What’s your favorite thing about it? It’s extremely challenging mentally — yes, physically also, but more mental. A lot of concentration, a lot of technique. There really is a science behind the sport. It’s not just getting in a car and pushing it as far as you can. It’s something I’ve never done. It really pushes your personal gut check. When you’re approaching a 90-degree turn at about 190 miles per hour, and the difference between pushing the brake a half a second later than you should is the difference between staying on the track and going off the track, that’s an immense amount of concentration focusing on the sport. But it also challenges you emotionally. It puts you outside your normal comfort zone. You know if you make the wrong mistake, the side effects are not so good. What’s kind of funny is I’m not actually an adrenaline junkie. I have no desire to jump out of a perfectly good airplane or do anything like that. It’s just something that’s sort of popped up out of nowhere. I’ve always been fascinated with cars and loved speed and nice cars, but I never thought I’d be on a track doing 180 to 210 miles per hour.
What was your first car? A BMW 325i [laughs]. My first car, when I was 17 years old, was a BMW 325i. My first race car would probably be the Mercedes AMG SLS. Probably you’ve never heard of that car because there are less than 5,000 of them in the world. They’re not even advertised by Mercedes.
What is your dream car? I’m going to have to think about that. I’ve driven and owned some amazing vehicles over the years. So that’s kind of a tough one for me. I really don’t have a dream one right now. The ones that I dreamt about, I went out and acquired and drove them for six months or so and then moved on [laughs]. So far, my favorite car I’ve driven is probably the Mercedes SLS. Immense amount of power, immense amount of handling. It’s designed to be on the track but also can be on the road. It’s comfortable for some passengers. It’s a 628-horsepower, two-seater monster that can get up to 180 really quickly and drive at those speeds very comfortably. It’s what I call a Ferrari-killer, so it kills the Ferraris, even on the track.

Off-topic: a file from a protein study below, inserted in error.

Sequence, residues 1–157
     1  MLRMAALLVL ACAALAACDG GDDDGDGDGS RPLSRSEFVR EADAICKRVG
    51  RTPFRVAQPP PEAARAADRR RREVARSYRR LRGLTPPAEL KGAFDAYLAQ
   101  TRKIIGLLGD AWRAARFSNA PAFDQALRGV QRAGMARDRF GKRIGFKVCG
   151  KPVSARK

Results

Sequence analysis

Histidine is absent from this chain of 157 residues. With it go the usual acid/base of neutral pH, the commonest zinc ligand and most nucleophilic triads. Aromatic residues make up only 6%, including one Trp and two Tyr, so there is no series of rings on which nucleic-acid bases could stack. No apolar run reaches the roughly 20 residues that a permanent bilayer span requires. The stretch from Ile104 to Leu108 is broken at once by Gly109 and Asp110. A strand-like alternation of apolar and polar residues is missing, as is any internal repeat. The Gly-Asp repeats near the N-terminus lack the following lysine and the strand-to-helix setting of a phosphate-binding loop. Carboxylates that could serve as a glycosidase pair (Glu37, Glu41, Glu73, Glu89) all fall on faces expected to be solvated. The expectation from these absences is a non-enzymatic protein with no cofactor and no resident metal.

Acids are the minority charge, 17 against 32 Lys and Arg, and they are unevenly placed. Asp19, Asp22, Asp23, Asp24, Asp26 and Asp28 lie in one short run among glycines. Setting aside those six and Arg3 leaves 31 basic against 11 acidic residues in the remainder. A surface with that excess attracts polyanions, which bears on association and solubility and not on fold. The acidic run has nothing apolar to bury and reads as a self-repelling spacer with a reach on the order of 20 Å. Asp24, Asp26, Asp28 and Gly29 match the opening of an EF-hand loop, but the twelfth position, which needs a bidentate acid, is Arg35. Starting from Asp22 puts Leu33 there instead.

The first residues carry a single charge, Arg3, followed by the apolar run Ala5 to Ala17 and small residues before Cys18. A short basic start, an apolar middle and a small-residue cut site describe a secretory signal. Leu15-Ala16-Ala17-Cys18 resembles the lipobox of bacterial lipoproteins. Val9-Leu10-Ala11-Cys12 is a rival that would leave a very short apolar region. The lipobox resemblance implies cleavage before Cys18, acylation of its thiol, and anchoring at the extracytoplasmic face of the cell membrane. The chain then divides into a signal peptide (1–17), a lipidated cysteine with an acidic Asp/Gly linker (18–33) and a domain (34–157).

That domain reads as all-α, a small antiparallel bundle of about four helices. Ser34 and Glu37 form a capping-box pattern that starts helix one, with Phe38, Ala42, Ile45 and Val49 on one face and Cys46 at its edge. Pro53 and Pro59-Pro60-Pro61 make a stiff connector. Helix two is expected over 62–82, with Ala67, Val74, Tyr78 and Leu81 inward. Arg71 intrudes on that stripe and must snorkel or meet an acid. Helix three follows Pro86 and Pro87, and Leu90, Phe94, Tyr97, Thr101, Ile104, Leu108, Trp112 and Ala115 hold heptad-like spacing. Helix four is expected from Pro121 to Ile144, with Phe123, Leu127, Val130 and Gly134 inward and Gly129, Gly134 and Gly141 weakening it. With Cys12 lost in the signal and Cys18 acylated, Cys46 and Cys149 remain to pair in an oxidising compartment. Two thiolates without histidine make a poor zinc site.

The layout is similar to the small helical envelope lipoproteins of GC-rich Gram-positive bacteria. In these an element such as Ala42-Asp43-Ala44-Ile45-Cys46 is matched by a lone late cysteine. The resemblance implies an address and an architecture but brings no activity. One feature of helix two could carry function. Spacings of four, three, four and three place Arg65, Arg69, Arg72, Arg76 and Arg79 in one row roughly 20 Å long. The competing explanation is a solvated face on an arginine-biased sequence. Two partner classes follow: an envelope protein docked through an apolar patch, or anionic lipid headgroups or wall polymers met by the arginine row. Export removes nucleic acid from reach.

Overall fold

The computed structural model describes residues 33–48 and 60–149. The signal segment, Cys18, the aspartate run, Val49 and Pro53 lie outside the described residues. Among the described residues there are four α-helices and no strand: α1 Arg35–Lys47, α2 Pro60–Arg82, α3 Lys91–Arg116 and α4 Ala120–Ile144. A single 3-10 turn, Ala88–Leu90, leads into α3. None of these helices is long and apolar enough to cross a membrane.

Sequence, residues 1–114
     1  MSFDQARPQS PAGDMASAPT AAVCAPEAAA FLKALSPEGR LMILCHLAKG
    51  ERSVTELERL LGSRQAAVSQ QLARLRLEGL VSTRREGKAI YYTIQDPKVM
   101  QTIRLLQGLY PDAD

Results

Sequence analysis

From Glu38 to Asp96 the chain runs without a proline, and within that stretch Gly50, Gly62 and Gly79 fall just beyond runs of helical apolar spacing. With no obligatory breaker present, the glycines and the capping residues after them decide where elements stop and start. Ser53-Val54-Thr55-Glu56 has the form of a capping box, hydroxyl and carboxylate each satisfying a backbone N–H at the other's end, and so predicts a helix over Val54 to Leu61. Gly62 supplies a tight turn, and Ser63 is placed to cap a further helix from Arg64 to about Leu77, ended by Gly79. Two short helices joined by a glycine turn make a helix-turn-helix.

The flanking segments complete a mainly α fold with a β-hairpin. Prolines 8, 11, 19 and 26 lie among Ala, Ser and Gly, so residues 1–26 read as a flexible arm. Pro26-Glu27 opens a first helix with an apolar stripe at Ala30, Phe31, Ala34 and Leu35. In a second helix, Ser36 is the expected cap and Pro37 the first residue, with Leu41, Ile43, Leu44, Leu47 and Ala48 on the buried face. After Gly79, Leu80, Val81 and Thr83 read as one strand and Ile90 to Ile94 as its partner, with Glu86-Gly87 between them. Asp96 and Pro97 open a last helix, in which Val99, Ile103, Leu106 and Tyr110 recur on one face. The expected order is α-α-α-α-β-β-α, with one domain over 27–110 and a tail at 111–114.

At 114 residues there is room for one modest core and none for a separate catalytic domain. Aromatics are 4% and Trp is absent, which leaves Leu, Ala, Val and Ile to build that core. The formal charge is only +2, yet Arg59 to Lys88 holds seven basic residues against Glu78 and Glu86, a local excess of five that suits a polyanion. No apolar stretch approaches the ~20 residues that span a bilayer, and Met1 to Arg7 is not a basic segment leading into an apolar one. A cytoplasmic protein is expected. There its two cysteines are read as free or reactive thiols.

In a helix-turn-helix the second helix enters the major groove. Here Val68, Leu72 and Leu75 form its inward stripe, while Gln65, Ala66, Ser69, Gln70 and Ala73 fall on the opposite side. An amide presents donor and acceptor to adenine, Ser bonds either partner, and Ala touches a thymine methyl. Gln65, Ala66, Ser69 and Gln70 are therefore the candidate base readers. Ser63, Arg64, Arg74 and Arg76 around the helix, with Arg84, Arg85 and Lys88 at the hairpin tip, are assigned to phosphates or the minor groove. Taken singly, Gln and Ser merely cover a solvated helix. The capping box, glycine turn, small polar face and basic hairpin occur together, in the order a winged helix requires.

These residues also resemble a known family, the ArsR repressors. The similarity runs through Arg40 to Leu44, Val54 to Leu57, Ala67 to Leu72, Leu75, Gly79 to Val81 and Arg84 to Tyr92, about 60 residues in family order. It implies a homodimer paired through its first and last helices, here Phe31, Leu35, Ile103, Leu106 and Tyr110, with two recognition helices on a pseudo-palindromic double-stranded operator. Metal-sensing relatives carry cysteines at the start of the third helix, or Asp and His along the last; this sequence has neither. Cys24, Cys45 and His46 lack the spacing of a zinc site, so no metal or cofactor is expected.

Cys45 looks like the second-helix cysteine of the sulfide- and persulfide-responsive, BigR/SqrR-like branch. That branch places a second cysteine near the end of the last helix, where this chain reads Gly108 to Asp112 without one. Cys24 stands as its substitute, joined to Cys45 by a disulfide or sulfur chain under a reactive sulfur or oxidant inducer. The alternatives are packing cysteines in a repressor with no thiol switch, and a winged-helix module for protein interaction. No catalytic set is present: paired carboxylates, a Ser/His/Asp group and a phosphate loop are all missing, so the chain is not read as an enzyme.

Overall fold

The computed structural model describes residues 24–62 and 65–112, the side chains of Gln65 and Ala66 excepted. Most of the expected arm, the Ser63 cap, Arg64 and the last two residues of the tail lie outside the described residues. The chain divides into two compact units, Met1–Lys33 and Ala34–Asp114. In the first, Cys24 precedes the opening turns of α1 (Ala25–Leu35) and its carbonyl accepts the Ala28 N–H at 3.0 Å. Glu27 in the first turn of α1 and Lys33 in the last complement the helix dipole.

What has road racing taught you about cloud computing or about running a business? There are many different sports, not just racing, that I’ve participated in, whether it be football or the military or racing or even golf, that have all contributed to the many different facets of being a CEO of a company. First and foremost, even though you’re the driver on the exact vehicle and you’re out there on the track, what you realize very quickly is it’s a teamwork approach to doing that sport and also to running a business. Without the right team, whether you’re on the track or running a business, you won’t be successful at what you’re doing, period. It’s not the individual in the car, it’s the team that’s supporting you, that’s prepping the car. It’s the training, it’s the walking around the track or the planning, and then of course the execution and follow-through as you’re racing around the track. And that’s very much in line with anything you do in business: It’s the preparation. It’s the planning. It’s the communication. It’s dealing with the obstacles that come up either during a race or during a project or a migration for a client. It’s unbelievably key that you have the right team by your side, working together as one unit, communicating, drumming to the same drumbeat, executing a project for a client. You have to trust your teammates. In racing, you’re putting your life in their hands. In IT and cloud computing, you’re putting our clients data in our engineers’ hands, making sure that we didn’t lose something or something didn’t go incorrectly.
Read the full story at the Washington Business Journal’s website here.